NATIVE TITLE – whether to order that a person cease to be a party to the proceeding – where party joined as of right by s 84(3) of the Native Title Act 1993 (Cth) – where party who was joined as a respondent was already a member of the native title claim group – where joined party contends that authorisation of applicant to act on behalf of the claim group pursuant to s 251B of the Native Title Act 1993 (Cth) could not legitimately occur without his consent – party to cease being a respondent party as to remain as such will delay and interfere with progress towards consent determination – where concern about proper authorisation is better addressed by s 84D

Yarra Valley Dairy Pty Ltd v Lemnos Foods Pty Ltd [2010] FCA 1367 (10 December 2010)

http://www.austlii.edu.au/au/cases/cth/FCA/2010/1367.htm

TRADEMARKS – whether trade mark capable of distinguishing designated goods – geographic reference – description of style of goods – cancellation of trade mark – onus of proof – Trade Marks Act 1995 (Cth), ss 41, 88(2)(a), (e)
TORTS – passing off – whether there has been representation by the respondent to the public leading the public to believe the goods offered by the respondent are the applicant’s goods
TRADE PRACTICES – misleading and deceptive conduct – clear distinguishing features – Trade Practices Act 1974 (Cth), ss 52, 53
EVIDENCE – hearsay – ss 60, 136, 190(3) Evidence Act 1995 (Cth)

NSW Crime Commission v Shane John Meads [2010] NSWSC 1145 (11 October 2010)

http://www.austlii.edu.au/au/cases/nsw/NSWSC/2010/1145.html

CRIMINAL LAW – Confiscation of criminal proceeds – Restraining orders – Ancillary orders – Necessity for reasons – New statutory regime for applications to set aside restraining orders.

Garling J
8 In considering the application, it was necessary to bear in mind the applicable legal principles.

9 An application for a restraining order is governed by the rules of evidence applicable in civil proceedings: s 5(2)(b) of the Act: International Finance Trust Company Limited v NSW Crime Commission [2008] NSWCA 291 at [9].

10 An application is an interlocutory one in character, governed by the Evidence Act 1995 as it applies to interlocutory proceedings: s 4(1)(b) and (c), Evidence Act 1995 ; International Finance at [9].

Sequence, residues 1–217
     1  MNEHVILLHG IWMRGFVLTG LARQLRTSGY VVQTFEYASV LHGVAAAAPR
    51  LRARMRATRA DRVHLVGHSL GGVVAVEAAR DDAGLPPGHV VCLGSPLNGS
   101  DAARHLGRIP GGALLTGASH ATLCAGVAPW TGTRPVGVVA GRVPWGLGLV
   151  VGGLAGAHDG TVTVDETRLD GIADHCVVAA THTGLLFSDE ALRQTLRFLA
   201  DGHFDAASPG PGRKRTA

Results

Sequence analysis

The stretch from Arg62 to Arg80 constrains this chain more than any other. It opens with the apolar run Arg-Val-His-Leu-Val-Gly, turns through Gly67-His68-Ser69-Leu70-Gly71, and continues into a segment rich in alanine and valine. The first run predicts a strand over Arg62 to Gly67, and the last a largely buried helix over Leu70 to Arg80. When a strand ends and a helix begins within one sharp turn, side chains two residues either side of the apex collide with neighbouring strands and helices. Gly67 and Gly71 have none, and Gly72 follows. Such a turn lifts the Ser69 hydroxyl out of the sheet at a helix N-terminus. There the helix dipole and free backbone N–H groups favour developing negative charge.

11 The Court has the power to dispense with the application of various provisions of the Evidence Act 1995 if there is a matter not genuinely in dispute, or else if the application of those provisions would cause or involve unnecessary expense or delay: s 190, Evidence Act 1995 ; s 9, Criminal Assets Recovery Act 1990.

12 As well, the common law evidentiary rule which enabled the Court to exercise a power to dispense with the operation of the rule of evidence in an interlocutory proceeding remains: See Geoffrey W. Hill & Associates v King (1992) 27 NSWLR 228 at 230 per McLelland J; s 9, Criminal Assets Recovery Act 1990; International Finance at [13].

Huang v University of New South Wales [2010] FCAFC 104 (25 August 2010)

http://www.austlii.edu.au/au/cases/cth/FCAFC/2010/104.html

EVIDENCE – foreign evidence – application to obtain evidence from Korea for use in Federal Magistrates Court proceeding – whether appellant denied procedural fairness – interpreter present during morning, but absent in afternoon, when hearing continued and judgment given – application adjourned to enable appellant to apply to vacate trial date – application subsequently dismissed because appellant had not so applied – whether appellant failed to understand requirement to apply to vacate trial date before next mention of application – whether appeal court should deal with merits of application when primary judge had not done so – appellant could have made further application once trial date vacated, but did not do so – need to obtain evidence from Korea depends on course taken by respondents at trial in relation to statements of Korean witness in an exchange of emails with appellant and in an affidavit

Evidence Act 1995 (Cth), ss 27, 63, 63(2)(b), 67, 170, 173, 190(1)(b), 190(3), 190(4)

SNF (Australia) Pty Ltd v Commissioner of Taxation [2010] FCA 635 (25 June 2010)

http://www.austlii.edu.au/au/cases/cth/FCA/2010/635.html